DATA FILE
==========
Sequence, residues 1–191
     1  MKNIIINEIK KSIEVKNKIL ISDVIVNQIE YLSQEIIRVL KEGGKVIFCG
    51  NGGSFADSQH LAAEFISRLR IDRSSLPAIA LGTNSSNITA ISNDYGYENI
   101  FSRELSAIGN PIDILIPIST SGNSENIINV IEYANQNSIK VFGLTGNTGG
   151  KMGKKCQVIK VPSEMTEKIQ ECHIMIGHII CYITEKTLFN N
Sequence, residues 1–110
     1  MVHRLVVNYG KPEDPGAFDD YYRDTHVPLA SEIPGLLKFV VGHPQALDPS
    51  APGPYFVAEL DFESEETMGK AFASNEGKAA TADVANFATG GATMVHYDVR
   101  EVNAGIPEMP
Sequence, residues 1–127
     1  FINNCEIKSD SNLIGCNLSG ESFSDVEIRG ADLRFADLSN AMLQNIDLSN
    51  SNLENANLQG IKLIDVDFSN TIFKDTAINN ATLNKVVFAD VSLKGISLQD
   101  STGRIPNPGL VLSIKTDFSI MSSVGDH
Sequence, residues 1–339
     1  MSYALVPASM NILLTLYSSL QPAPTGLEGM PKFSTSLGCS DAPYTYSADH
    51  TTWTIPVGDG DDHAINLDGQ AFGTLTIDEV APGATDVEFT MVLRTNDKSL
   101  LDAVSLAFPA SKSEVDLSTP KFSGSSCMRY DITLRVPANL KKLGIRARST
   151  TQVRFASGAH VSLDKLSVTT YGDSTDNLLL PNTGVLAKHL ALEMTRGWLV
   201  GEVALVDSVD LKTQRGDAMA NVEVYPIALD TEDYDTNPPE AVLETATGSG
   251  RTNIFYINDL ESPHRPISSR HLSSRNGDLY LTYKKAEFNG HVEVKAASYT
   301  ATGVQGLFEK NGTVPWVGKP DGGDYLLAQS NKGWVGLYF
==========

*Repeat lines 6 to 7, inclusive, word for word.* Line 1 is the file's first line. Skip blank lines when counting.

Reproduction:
Sequence, residues 1–110
     1  MVHRLVVNYG KPEDPGAFDD YYRDTHVPLA SEIPGLLKFV VGHPQALDPS